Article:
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Finturn Early Origins



The surname Finturn was first found in Derbyshire where they held a family seat as Lords of the Manor. After the Battle of Hastings in 1066, William, Duke of Normandy, having prevailed over King Harold, granted most of Britain to his many victorious Barons. It was not uncommon to find a Baron, or a Bishop, with 60 or more Lordships scattered throughout the country. These he gave to his sons, nephews and other junior lines of his family and they became known as under-tenants. They adopted the Norman system of surnames which identified the under-tenant with his holdings so as to distinguish him from the senior stem of the family. After many rebellious wars between his Barons, Duke William, commissioned a census of all England to determine in 1086, settling once and for all, who held which land. He called the census the Domesday Book, [1]CITATION[CLOSE]
Williams, Dr Ann. And G.H. Martin, Eds., Domesday Book A Complete Translation. London: Penguin, 1992. Print. (ISBN 0-141-00523-8)
indicating that those holders registered would hold the land until the end of time. Hence, conjecturally, the surname is descended from the tenant of the village and lands of Findern, held by an unknown Norman noble, who was recorded in the Domesday Book census of 1086. The village held 2 Mills and is now noted for Burton Abbey.

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Finturn Spelling Variations


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Finturn Spelling Variations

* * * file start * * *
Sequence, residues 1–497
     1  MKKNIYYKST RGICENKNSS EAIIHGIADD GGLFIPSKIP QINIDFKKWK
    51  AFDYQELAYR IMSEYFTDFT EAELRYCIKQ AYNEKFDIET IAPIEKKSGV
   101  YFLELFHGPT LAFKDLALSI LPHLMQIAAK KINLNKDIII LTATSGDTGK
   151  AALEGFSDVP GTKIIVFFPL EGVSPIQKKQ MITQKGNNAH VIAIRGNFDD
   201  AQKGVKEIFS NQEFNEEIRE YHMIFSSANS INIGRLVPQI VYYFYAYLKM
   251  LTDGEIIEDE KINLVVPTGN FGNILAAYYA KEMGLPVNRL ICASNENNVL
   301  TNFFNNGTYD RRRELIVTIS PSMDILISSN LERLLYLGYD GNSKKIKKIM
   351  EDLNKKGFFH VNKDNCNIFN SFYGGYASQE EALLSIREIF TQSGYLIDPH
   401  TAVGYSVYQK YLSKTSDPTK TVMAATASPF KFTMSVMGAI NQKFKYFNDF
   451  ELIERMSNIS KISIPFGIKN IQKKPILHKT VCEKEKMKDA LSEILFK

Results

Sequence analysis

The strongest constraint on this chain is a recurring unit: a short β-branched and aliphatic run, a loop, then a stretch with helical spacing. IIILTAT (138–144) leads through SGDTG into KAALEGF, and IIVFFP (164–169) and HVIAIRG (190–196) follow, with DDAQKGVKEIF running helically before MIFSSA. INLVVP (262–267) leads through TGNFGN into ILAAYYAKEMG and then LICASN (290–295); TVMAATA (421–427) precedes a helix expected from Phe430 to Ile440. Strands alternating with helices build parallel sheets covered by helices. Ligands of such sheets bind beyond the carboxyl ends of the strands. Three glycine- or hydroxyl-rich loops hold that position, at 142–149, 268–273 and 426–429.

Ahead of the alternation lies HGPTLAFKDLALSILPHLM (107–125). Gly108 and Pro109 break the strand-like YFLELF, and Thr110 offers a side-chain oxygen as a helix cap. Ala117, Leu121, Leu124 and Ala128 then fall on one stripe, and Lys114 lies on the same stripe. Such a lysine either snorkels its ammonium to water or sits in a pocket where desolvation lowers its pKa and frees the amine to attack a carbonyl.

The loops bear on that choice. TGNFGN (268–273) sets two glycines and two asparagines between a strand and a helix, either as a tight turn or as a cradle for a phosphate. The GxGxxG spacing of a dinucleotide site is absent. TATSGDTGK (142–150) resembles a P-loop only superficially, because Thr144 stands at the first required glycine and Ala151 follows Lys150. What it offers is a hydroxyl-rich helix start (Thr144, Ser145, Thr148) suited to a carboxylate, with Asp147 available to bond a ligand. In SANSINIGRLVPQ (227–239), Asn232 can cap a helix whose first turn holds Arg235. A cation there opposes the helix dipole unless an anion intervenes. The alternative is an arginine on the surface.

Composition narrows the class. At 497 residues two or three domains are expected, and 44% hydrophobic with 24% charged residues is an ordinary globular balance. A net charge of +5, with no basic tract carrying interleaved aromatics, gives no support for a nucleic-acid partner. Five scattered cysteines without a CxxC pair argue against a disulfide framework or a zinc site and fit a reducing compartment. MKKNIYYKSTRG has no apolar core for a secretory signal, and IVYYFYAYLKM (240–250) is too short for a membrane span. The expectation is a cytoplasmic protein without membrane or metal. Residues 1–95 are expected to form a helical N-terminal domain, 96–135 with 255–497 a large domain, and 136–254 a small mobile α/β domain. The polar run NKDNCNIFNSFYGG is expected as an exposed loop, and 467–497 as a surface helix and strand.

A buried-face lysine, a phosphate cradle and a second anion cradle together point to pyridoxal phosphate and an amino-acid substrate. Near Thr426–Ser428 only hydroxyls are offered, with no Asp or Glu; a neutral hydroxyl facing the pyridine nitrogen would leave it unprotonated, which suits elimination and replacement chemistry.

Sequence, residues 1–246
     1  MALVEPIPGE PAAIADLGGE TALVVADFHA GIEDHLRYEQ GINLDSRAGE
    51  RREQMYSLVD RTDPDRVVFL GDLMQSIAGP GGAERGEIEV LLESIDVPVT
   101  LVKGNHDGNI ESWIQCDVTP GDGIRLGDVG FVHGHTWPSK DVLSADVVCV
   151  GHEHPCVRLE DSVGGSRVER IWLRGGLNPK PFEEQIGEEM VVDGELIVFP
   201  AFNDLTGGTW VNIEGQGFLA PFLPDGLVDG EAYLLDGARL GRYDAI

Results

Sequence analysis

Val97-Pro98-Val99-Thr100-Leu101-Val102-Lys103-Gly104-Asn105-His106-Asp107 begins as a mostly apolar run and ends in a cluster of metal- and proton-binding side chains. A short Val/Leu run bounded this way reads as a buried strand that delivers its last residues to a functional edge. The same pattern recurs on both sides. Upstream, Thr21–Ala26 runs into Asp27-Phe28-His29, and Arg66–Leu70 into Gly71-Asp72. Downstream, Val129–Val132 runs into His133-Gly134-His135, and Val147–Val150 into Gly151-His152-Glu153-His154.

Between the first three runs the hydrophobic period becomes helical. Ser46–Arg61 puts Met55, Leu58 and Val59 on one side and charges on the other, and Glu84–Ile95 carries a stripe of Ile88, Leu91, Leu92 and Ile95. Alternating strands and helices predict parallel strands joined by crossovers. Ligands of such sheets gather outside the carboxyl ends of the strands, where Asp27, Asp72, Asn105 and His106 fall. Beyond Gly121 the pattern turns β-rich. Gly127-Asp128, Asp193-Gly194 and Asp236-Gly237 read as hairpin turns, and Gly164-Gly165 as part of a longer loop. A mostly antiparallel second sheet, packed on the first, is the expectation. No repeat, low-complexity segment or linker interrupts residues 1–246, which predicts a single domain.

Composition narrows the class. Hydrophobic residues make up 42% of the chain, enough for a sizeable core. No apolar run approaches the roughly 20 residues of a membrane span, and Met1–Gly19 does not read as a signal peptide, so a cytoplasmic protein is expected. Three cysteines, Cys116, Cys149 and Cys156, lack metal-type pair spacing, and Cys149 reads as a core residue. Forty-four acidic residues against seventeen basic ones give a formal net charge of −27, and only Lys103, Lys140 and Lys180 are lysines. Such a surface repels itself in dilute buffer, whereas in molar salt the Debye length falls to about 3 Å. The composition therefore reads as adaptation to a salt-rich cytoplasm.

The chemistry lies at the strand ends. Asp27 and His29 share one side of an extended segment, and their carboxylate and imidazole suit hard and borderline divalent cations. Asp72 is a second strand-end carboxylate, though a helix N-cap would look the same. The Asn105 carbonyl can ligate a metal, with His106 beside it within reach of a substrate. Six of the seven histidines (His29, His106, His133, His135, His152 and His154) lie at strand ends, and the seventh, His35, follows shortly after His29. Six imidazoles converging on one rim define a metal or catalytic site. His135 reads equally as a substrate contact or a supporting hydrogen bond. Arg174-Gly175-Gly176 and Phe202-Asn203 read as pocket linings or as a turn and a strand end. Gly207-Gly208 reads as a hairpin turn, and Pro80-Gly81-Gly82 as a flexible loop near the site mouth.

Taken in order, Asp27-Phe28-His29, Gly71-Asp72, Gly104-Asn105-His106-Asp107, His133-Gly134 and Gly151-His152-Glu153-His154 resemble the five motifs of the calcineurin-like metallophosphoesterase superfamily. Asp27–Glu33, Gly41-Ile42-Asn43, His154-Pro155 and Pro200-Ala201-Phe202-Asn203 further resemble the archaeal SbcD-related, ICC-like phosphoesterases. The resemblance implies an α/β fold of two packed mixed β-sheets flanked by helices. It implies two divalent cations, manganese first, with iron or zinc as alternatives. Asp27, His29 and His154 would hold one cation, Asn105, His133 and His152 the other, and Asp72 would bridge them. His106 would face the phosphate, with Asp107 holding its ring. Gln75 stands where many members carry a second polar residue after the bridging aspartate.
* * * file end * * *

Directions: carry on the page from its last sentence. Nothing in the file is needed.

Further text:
Before the advent of the printing press and the first dictionaries, the English language was not standardized. Sound was what guided spelling in the Middle Ages, so one person's name was often recorded under several variations during a single lifetime. Spelling variations were common, even among the names of the most literate people. Known variations of the Finturn family name include Findern, Fyndern, Fynderne, Fintern, Finturn, Findon and many more.

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Finturn Early History


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Finturn Early History



This web page shows only a small excerpt of our Finturn research. Another 233 words (17 lines of text) covering the years 1510, 1600, 1093, 1077, 1173, 1570, 1153 and 1486 are included under the topic Early Finturn History in all our PDF Extended History products and printed products wherever possible.

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Finturn Early Notables (pre 1700)


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Finturn Early Notables (pre 1700)



More information is included under the topic Early Finturn Notables in all our PDF Extended History products and printed products wherever possible.

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The Great Migration


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The Great Migration